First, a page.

Rebecca Johinke’s work is wide ranging and interdisciplinary, but it is based in Australian literary and film studies with a strong focus on gender and popular culture. She has published many articles and chapters on Ozploitation films and on magazines. Her interests also include life writing (memoir and autofiction) and creative nonfiction. Another major interest is street narratives (from masculine car cultures to street cultures more generally), and she is interested in psychogeography and the flâneur. Her first book about Australian magazine editors and about disruption of the media and traditional magazine journalism, entitled Queens of Print, was published by Australian Scholarly Publishing in 2019. Her most recent journal articles have appeared in Antipodes, Studies in Higher Education, Persona Studies, The Journal of Popular Culture, Journalism Studies, Assessment and Evaluation in Higher Education, The Journal of the European Association for Studies of Australia, Tourist Studies and TEXT.
Recent Small Press News
In conversation with BOTY shortlisted editors Leah Jing McIntosh and Adolfo Aranjuez
Against Disappearance: Essays on Memory (Pantera Press) is exactly the kind of invigorating non-fiction that small, risk-taking publications like Liminal, excel at. It is a physically beautiful collection, presented with an understated sophistication that reflects those same qualities in the works. Edited by Leah Jing McIntosh and Adolofo Aranjuez, this collection brings together writers from across […]December 2023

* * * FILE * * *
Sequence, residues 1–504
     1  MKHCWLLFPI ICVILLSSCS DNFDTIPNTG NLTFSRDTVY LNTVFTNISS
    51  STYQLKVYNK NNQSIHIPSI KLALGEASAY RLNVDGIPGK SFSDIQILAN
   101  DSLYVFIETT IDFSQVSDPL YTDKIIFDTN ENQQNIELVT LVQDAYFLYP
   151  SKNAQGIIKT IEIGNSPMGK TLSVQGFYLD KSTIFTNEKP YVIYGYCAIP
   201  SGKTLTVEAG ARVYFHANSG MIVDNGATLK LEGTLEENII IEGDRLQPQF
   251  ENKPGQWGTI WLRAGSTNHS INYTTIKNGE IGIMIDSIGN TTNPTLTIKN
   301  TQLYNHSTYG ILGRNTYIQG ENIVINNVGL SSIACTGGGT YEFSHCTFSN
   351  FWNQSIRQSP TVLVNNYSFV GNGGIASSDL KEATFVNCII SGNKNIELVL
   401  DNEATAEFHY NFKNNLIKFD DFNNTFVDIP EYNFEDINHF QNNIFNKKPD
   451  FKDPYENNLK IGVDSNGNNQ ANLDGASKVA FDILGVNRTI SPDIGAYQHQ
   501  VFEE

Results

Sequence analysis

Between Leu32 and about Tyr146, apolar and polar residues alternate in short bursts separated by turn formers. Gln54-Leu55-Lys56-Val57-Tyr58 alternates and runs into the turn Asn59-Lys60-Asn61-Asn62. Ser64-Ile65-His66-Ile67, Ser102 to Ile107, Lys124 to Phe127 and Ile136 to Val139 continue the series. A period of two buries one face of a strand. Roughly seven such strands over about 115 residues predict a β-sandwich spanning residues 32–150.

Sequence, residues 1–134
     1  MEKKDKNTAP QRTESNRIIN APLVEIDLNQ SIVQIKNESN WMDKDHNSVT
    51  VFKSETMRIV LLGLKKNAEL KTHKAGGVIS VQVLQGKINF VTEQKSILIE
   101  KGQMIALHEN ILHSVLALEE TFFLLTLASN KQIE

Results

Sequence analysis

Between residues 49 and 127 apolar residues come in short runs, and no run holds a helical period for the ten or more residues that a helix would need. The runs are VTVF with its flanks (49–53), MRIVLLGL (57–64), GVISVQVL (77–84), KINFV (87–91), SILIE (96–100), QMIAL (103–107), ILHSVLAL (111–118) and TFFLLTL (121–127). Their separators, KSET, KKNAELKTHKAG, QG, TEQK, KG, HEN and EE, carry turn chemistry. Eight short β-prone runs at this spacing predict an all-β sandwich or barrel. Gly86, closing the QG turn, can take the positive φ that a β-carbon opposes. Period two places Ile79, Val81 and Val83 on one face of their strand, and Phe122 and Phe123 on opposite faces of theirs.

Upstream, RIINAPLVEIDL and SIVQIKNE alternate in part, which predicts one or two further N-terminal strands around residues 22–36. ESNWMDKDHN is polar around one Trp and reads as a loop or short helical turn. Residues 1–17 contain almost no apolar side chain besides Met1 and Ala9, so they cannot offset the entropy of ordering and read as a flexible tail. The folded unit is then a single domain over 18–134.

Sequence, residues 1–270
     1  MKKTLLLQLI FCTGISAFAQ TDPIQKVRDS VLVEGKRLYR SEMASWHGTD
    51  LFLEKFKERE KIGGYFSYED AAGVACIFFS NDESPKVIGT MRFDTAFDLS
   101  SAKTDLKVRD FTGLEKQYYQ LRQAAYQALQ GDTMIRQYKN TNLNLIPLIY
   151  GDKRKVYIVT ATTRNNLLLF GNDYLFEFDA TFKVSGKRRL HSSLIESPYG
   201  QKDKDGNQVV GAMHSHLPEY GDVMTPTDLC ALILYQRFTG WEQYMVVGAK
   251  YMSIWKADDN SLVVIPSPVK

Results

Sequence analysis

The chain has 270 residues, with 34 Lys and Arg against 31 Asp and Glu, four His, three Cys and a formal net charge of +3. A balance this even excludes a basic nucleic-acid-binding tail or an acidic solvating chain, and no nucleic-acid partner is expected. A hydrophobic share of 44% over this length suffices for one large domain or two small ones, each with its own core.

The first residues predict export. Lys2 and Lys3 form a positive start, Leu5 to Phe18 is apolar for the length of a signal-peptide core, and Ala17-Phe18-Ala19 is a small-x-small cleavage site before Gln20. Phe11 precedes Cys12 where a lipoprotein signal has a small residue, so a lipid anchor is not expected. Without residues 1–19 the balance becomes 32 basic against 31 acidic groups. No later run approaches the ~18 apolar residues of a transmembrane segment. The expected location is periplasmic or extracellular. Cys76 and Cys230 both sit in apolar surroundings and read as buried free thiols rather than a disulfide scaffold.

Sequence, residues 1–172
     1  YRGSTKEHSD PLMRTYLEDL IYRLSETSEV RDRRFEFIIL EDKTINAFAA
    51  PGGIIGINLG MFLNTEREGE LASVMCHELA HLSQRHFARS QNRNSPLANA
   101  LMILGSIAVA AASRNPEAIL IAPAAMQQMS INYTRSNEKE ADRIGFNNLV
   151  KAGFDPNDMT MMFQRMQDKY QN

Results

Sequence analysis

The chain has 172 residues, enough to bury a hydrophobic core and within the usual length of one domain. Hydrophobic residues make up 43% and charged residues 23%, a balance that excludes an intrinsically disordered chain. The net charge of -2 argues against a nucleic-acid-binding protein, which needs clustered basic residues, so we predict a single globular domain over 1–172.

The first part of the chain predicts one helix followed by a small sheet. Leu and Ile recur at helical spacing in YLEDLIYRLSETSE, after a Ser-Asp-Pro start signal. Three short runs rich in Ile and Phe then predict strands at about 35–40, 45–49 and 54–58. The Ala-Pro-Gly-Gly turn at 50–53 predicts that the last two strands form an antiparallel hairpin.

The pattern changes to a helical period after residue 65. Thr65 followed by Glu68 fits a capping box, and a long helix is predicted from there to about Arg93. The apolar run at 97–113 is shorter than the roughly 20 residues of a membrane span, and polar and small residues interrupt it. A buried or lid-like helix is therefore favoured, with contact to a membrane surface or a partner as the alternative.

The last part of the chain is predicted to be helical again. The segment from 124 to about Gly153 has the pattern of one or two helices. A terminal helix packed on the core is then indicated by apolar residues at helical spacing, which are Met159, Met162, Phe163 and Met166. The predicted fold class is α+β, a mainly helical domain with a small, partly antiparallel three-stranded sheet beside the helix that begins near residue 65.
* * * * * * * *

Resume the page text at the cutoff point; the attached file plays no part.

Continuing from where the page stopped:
In conversation with BOTY shortlisted author Nornie Bero
Mabu Mabu (Hardie Grant Books) is an intricately crafted cookbook that melds together a perfect balance of memoir and recipe. In between stunning graphics and mouth-watering recipes, Nornie Bero recounts how her upbringing fostered a love for food and explores the deep connection between culture, identity and food. —BOTY 2023 judging panel We were lucky enough […]
In conversation with BOTY shortlisted author Andrew Sutherland
Paradise (Point of Transmission) (Fremantle Press) is beautifully layered collection of poems that explores the realities of a HIV diagnosis on home, community and freedom. It complex but inviting, an act of generosity and transformation. In his first poetry collection Andrew Sutherland simultaneously captures the stigma of a HIV-positive identity and the deep love of Queer community. […]